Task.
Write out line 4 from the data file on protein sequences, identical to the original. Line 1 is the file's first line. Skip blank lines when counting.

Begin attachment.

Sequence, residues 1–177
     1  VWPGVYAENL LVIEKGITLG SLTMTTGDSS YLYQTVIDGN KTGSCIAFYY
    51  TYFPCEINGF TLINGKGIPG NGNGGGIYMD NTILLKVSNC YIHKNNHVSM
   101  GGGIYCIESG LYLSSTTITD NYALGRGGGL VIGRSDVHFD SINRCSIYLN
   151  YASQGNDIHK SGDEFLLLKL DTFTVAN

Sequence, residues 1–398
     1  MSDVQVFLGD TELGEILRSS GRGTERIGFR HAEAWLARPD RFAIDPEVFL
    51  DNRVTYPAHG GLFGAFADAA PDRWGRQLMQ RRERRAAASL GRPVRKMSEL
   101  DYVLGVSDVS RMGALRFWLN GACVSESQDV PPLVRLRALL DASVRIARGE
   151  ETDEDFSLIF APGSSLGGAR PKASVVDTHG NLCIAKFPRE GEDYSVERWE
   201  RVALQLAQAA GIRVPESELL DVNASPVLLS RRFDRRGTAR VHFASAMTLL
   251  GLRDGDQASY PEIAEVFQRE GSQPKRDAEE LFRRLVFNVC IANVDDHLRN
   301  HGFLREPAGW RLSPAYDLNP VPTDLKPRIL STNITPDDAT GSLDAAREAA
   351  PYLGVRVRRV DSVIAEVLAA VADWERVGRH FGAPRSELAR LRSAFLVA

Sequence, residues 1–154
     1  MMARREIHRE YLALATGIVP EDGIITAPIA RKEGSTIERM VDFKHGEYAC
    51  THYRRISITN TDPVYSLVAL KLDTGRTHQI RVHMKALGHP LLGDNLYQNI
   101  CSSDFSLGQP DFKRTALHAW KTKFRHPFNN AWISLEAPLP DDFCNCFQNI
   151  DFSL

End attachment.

   101  GGGIYCIESG LYLSSTTITD NYALGRGGGL VIGRSDVHFD SINRCSIYLN